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HANSA 10-2021

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MÄRKTE | MARKETS MPP/HL market swings to all-time high Overspill of container cargoes and loss of fleet productivity provide major boost to vessel earnings in project/breakbulk trades. By Michael Hollmann The extreme capacity shortages in global container trades, a healthy level of project cargo volumes and improved freight rates for bulk commodities all conspire to push profitability for multipurpose/heavy lift vessels to levels unseen so far. Average period charter rates for 12,500 dwt multipurpose ships have more than doubled year-on-year after another 13% increase to more than 14,000 $/day in early September, according to Hamburg shipbroker Toepfer Transport. Fixtures are very rare due to a lack of open vessels as all operators keep a tight grip on the tonnage they have on charter or under commercial management. Single deals for 12,000 dwt ships are believed to have been done at $ 20,000 and higher for periods up to one year. However, anecdotal reports from freight forwarders, brokers and ship operators themselves suggest that freight rates have climbed even faster, pushing daily vessel income (time charter equivalents, TCE) beyond record levels of the early/mid 2000’s. Advanced designs in the 12,000–17,000 dwt size bracket are today generating 6-digit dollar levels per day, market insiders tell HANSA. They are thus following in the footsteps of smaller container ships, with 1,700 TEU ships already netting levels around 200,000 $/day on the basis of spot cargo rates as early as June, according to Peter Döhle’s Maritime Overview report. Freights escalating Freight costs for breakbulk and heavy load cargoes on tramp project vessels have doubled or even tripled over the last 9–12 months, as rate increases accelerated over the past months. One forwarder said a recent charter trip he had arranged saw its price escalating from 500,000 $ to 1.7 mill. $ since obtaining a first carrier quote in late 2020. Another one highlighted a cargo lot out of Asia fixed at 600,000 $, compared with a quote of 350,000 $ only a few months earlier. A lot of project cargo owners including largevolume shippers from the wind turbine sector are reported to have been taken aback and squeezed by the sudden rise in freights since committing to delivered prices with their own customers over the past 6–12 months. Representatives of plant manufacturers Uhde/Thyssenkrupp and Braunschweigische Maschinenbauanstalt (BMA) confirmed at the recent BHV Project Logistics Forum in Bremen that their budgets were strained, making renegotiations with customers necessary were possible. Andreas Rolner, managing director of United Heavy Lift (UHL), admits that the current market rally is extreme but a rebound from the distressed rate levels over the past years was more than overdue, he argues. Though it may be hard for cargo owners to adjust to the new reality, previous budget targets of -7 or -8 % freight savings year-on-year were simply not sustainable, Rolner says. However, clients could avoid some of the pains by fixing longer-term forward contracts instead of booking most of their requirements spot or prompt as in the past, making business more predictable and secure for themselves and for the carriers. This is little comfort, though, to shippers sitting on urgent cargoes as short term space availability is extremely tight – especially in the Far East, the main loading region for multipurpose vessels. »Lead times for bookings have increased from 2–3 weeks back in March to 2–3 months in September and the backlog of cargo keeps growing«, explains Marko Stampehl from tramp project operator BBC Chartering. Hamburg-based dship Carriers are also booked out 60 days in advance for loadings in Asia, according to its managing director Lars Feller. The situation is significantly aggravated by port congestion and vessel queues in the Far East where terminal productivity remains subdued due to corona. »5–7 days waiting time is considered to be normal. However, we are also VIEWPOINT Market tight but »no total service failure« Shipping logistics in the project sector has become tough, but it’s still manageable, says Colin MacIsaac, CEO of forwarder Bertling Logistics Group. The company sees growing new business enquiry for projects after a lull earlier this year. Colin MacIsaac CEO – Bertling Logistics Group The ocean freight market has become a nightmare for many. How do you cope with the space shortages? MacIsaac: One of the biggest challenges is the MPP sector losing tonnage to container trades. There has been a drift. We were recently bidding on a wind farm project with a specific class of ships, and then 2 weeks into the negotiations with our customer, the shipowner decides to move the ships to a container service. Such problems © Bertling Logistics come up these days. Still, most traditional breakbulk and project carriers want to stay operating breakbulk. Freight rates are incredibly high and there are some delays, however there is not any issue of total service failure. We are not seeing that at all. Global economic activity has been more stable lately, does that apply to project freight demand, too? MacIsaac: Yes and no. It’s a mixed bag. Across all segments, project activities that had been suspended have come back in an erratic manner. There has been a general hesitancy and recalculation from some of our customers [in oil & gas] who are taking a fresh look at some investments under the changed circumstances. 10 HANSA – International Maritime Journal 10 | 2021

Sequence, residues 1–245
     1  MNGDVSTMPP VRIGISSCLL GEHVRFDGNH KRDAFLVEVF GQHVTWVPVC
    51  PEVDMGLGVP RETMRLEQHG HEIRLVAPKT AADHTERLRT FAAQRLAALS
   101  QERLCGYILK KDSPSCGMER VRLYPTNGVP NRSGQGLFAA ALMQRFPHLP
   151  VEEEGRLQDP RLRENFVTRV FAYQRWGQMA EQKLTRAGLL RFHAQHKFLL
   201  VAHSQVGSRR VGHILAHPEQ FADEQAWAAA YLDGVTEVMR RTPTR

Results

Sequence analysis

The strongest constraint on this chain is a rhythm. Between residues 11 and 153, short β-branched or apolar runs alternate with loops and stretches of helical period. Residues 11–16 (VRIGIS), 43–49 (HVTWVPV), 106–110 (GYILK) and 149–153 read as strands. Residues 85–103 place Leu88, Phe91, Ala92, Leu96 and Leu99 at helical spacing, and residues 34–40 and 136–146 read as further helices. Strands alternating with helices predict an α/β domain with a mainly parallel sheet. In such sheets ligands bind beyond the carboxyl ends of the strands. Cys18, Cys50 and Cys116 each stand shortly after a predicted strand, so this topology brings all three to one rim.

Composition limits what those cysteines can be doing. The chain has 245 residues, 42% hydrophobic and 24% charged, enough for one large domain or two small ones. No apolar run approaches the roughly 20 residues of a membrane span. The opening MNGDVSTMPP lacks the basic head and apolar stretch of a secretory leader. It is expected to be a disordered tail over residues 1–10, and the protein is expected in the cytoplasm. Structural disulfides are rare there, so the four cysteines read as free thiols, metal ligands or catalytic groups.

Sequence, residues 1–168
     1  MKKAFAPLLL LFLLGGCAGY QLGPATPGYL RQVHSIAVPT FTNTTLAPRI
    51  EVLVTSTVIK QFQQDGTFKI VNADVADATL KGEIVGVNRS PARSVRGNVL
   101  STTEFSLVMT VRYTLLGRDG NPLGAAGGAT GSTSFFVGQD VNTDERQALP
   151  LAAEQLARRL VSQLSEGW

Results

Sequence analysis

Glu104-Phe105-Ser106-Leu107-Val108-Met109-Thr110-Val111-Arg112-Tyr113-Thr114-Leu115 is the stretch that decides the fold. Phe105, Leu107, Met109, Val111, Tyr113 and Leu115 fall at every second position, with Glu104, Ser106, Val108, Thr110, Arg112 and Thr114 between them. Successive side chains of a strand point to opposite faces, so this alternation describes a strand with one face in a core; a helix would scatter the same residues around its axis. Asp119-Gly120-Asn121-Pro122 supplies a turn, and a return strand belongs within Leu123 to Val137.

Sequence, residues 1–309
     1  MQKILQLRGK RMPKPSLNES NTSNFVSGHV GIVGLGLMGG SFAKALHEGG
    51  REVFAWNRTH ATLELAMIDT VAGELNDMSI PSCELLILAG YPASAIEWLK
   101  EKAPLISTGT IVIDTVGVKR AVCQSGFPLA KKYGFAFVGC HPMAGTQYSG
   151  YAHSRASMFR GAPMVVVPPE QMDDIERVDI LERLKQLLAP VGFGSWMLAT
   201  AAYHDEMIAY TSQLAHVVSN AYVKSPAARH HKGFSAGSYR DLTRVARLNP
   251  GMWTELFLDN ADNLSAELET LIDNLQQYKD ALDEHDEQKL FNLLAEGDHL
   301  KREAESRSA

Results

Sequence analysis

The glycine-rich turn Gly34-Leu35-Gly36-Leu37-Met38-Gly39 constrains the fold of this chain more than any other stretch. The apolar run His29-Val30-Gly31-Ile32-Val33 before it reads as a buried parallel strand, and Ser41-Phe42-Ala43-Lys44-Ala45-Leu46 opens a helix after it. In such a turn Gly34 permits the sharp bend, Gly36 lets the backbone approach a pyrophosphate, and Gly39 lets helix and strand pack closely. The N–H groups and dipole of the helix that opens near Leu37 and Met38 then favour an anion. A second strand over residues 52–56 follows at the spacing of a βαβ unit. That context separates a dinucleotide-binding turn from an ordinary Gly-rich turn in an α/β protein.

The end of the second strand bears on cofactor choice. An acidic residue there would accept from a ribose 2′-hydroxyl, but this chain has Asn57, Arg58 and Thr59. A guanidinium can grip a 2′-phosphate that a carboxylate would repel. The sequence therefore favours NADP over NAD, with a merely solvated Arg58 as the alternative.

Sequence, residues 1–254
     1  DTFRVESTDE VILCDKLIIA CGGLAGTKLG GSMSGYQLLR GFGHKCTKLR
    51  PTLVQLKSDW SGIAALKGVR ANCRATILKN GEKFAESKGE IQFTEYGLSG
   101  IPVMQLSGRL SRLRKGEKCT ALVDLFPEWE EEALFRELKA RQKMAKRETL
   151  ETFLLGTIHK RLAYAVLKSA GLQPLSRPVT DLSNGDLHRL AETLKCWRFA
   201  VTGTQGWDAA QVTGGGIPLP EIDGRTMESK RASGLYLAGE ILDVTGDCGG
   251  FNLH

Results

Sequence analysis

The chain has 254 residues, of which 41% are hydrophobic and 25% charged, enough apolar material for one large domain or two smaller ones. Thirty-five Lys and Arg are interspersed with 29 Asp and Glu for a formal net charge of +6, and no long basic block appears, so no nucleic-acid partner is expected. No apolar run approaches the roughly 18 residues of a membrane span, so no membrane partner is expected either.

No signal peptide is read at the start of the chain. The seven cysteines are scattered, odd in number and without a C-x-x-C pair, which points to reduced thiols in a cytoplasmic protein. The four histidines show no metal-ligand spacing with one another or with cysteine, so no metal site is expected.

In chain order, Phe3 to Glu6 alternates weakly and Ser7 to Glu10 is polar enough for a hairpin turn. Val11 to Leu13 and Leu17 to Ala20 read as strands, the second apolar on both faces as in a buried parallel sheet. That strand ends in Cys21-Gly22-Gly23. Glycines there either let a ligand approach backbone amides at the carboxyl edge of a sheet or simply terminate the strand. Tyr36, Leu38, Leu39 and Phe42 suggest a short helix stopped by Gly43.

Orders & Sales New Orders Container The new building market remains very buoyant (see page 35). Most recently Evergreen stood out with orders for 24 vessels. French CMA CGM and OOCL were also active and inked contracts. From Germany, Nordic Hamburg confirmed an order for three »LNG-ready« 1,400 TEU vessels, for which a 10-year (!) charter was signed with BG Freight. Brokers expect more orders to follow in the next weeks. Secondhand Sales In some segments, sales candidates are slowly becoming scarce, at least those that will soon be charter-free and promise high new rates. However, there are still several deals, among others MSC is continuing its shopping spree. The liner company recently secured six former Rickmers-Panamax ships from the US fund Mangrove. For the 5,060 TEU ships built in 2005 and 2006, a total of around 0 million was paid. Demolition Sales In view of the high revenue opportunities, it is not surprising that demolition of container vessels is not at the top of shipowners‘ agendas. Nothing to be heard from the scrap sales market at the moment. seeing cases of 15–20 days which are getting more frequent,« Feller points out. Meanwhile cargo demand is still growing as the project carrier market gets swamped with full or part loads of containers and wind turbine equipment. »There is going to be run for capacity by turbine shippers from now until the end of the first quarter. Various projects for example in the Baltic Sea are waiting for urgent components,« Feller says. Sources at major freight forwarders in Germany and Denmark also say that they expect a rush of cargo in the renewables sector. Justin Archard, partner of One World Shipbrokers, points out that the firm’s Market Sentiment Index (MSI) for What used to be planned for a 15-year lifecycle might now just be 7 or 10 years [due to the energy transition]. As a result, some projects are scaled back, budgets reviewed or project requirements changing. What’s the shape of new business today? What kind of tenders are you dealing with? MacIsaac: It’s an exciting mix with quite a bit of activity for LNG production facilities, refinery facilities and the petrochemical sector in general, the latter especially in Western Europe. We are also looking at a suite of projects in the Baltic Sea area, particularly in Russia, also in Qatar (North Field expansion) and in Saudi-Arabia with the planned Neom mega city development. mph project shipping has kept rising since its launch at the start of the year. The latest reading was up from 51.3 to 52.3 (50 = neutral, above 50 = optimistic). »There are no signs of letting up in the near term. All respondents to the most recent MSI predict the market will be stronger in 6 months time,« according to Archard. Still overspill from containers Although completely new mega projects could still be 1 or 2 years off, freight forwarders expect cargo tendering activity for midsize projects to pick up again towards the end of the year driven by the LNG, petrochemical and mining sectors. Not to forget, though, one supersize project already awarded and about to ramp up cargowise is Qatar Petroleum’s massive North Field expansion, with 1 mill. freight tons believed to come up for loading in 2022. At the same time, mpp vessel supply continues to be strained by charter demand from the container trades. All major project carriers except a very few heavy load specialists are seen taking in container business on a regular basis these days. Some ships have even been fully committed to container trades for short-to-medium periods like the 2003-built Rickmers superflex type »Lila Mumbai« (Ex-»Rickmers Antwerp«). While most of its sisters were already broken up, this one has survived to earn some of the best earnings of its lifetime trading on behalf of BBC Chartering in the transpacific box trade. Container ship t / c market 3100 2700 2300 1900 1500 1100 September '20 6,545 $ 27.04.21 Tankers Baltic Dirty Tanker Index Baltic Clean Tanker Index MÄRKTE | MARKETS COMPASS 610 485 +0.8 % –0.4 % Shortsea / Coaster Norbroker 3,500 dwt earnings est. HC Shortsea Index ISTFIX Shortsea Index 4,050 21.98 2,232 +9.4 % +1.1 % +25.3 % Norbroker: spot t/c equivalent assessment basis round voyage North Sea/Baltic; HC Shipping & Chartering index tracking spot freights on 5 intra-European routes; Istfix Istanbul Freight Index covering spot freight ex Black Sea Bunkers VLSFO 0.5 Rotterdam $/t MGO Rotterdam $/t ConTex Container freight market WCI Shanghai-Rotterdam WCI Shanghai-Los Angeles TMI – Toepfer's Multipurpose Index Forward / Swap price Q4/21 VLSFO 0.5 Rotterdam $/t 14,356 $/FEU 12,424 $/FEU 540 610 523 23.09.21 Month on Month 3,170 + 8.2 % Dry cargo / Bulk Baltic Dry Index 4,651 Time charter averages / spot: $/d Capesize 5TC average 61,683 Panamax 5TC average (82k) 35,947 Supramax 10TC average (58k) 36,838 Handysize 7TC average (38k) 34,486 Forward / ffa front month (Oct 21): $/d Capesize 180k 47,336 Panamax 82k 36,582 MPP +3.4 % +9.3 % +10.9 % +23.1 % +2.1 % September '21 14,038 $ –2.6 % +0.7 % +4.7 % +0.0 % 12,500 tdw MPP/HL »F-Type« vessel for a 6–12 months TC +15.1 % +10.1 % +11.5 % Data per 23.09.2021, month-on-month HANSA – International Maritime Journal 10 | 2021 11